Jump to content
  • Advertisement
Sign in to follow this  
Mats1

Starting out with networking

This topic is 838 days old which is more than the 365 day threshold we allow for new replies. Please post a new topic.

If you intended to correct an error in the post then please contact us.

Recommended Posts

I'm going to start out learning networking, with the idea to make multiplayer online games of various kinds. I have made a bunch of local games in GDevelop (2d game engine). Are there benefits to learning networking in raw C++ or using something like boost:asio? Or would it make little difference and should I just learn JSON (which GDevelop uses for multiplayer)? Also, are there any books, tutorials etc you would recommend someone starting out with networking should be reading/doing?

Share this post


Link to post
Share on other sites
Advertisement

I personally would not use boost asio as a learning tool.  It actually impedes learning as it has abstracted away most of the learning that could be had by struggling with the underlying sockets and such.  There are definite benefits to learning the underlying constructs as you will learn that writing portable code is hard (winsock, epoll, kqueues, etc) and you often are really only targeting 1 or 2 platforms anyways.  Additionally, the code base is very complex for a learner to go thru and furthermore you need to understand the trade-offs being made by the authors (design vs performance, etc).  All of that is much weight if your goal is to just learn networking.  

 

For me personally, I would go thru this if I wanted to learn basic networking.  

Share this post


Link to post
Share on other sites

I'm going to start out learning networking, with the idea to make multiplayer online games of various kinds. I have made a bunch of local games in GDevelop (2d game engine). Are there benefits to learning networking in raw C++ or using something like boost:asio?

If you're looking to make an online game in C++, go with boost.asio. Otherwise, since you'll probably build the game on Windows, you'll need to learn IOCP to get the full benefit of async network I/O. Then you'll realize a Linux server will be a more efficient and secure than a Windows server, and want to change over... good luck porting the core of your server, written in IOCP for Windows, to Linux (probably using epoll for async I/O). boost.asio wraps those APIs (and the equivalent on other OSes) in a portable fashion. boost.asio's "strand" concept is useful in non-IO contexts too, it allows you to schedule tasks that can't be performed concurrently in a safe manner, without stalling execution on a lock.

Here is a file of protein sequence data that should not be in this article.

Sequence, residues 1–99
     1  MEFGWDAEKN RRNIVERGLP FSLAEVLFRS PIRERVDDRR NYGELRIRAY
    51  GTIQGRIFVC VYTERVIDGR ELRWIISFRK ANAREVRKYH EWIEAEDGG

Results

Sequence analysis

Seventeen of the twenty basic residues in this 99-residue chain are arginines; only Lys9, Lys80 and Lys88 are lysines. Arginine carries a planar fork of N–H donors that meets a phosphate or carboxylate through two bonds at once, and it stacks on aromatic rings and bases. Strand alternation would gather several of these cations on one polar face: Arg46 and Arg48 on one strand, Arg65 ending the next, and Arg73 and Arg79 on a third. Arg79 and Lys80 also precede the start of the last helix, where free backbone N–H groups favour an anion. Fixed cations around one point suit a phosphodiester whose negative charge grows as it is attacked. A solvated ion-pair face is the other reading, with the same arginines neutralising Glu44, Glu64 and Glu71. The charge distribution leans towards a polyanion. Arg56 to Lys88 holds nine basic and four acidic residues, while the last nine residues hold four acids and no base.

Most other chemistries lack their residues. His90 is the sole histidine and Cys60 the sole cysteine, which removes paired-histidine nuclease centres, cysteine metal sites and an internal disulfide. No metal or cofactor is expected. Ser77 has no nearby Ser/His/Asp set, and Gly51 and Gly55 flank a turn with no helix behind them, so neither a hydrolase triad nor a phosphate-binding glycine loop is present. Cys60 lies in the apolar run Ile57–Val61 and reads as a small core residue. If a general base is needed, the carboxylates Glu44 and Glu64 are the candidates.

If you're not familiar with C++, though, developing a server in C++ is hard, even with the benefit of boost libraries. And last I knew there was no boost offering for managing the client's responsibilities (interfacing with the window manager, managing user input, drawing graphics, etc). Most of the system-specific and cross-platform APIs for that stuff, which are truly suitable for games as well, are written for C, which makes using them a bit harder. You might be better off at least prototyping in GDevelop if you've never used C++ before.

Also, believe it or not, C# might be a better option than C++ for making an online game. It's highly portable (thanks to Mono), has asynchronous I/O, user input, and (really basic 2D) graphics without third party libraries, and OpenGL bindings are available.

EDIT:
I both agree and disagree with Henderson. If you've never written any server code before, working with boost.asio will familiarize you with many important concepts. But it abstracts away all the nitty-gritty details and, like he said, the code is very hard to read through. If you're trying to make a game without too steep a learning curve or devoting too much time to network infrastructure, boost.asio is great. If you want to learn the most possible, and are less concerned with actually completing the game, it'd be worth working at a lower level.
Also, never work with actual RAW sockets without good reason.

Edited by nfries88

Share this post


Link to post
Share on other sites

Apart from the overhead when compared to Sockets, are there any huge negatives with using a RESTful Web API? This seems like the cheaper route to go when you can pay for some Azure web api services instead of picking up an entire VM to host the server on.

Share this post


Link to post
Share on other sites

I should clarify, that if you need real-time networking like an FPS shooter, i see the need for a full socket server. For games like a multiplayer chess game, social avatar game (2d second life styled) etc, would there be any major reason to avoid a web api for them instead of a socket server?

Share this post


Link to post
Share on other sites

Sure, you could do that, but you could also just use the the Azure hosted service to serve as matchmaker for NAT punchthrough and get the best of both worlds for those types of games.
:)

Share this post


Link to post
Share on other sites

Alongside Beej tutorials, I'd take a look at this too :

 

http://gafferongames.com/networking-for-game-programmers/

 

This is old school socket programming, simple and effective. But won't give you a lot of things other methods would. 

 

Can look at Unity game engine, or whatever game engine will facilitate making your game, and raknet, which is a well developed open source network library. 

Share this post


Link to post
Share on other sites
Sign in to follow this  

  • Advertisement
×

Important Information

By using GameDev.net, you agree to our community Guidelines, Terms of Use, and Privacy Policy.

Participate in the game development conversation and more when you create an account on GameDev.net!

Sign me up!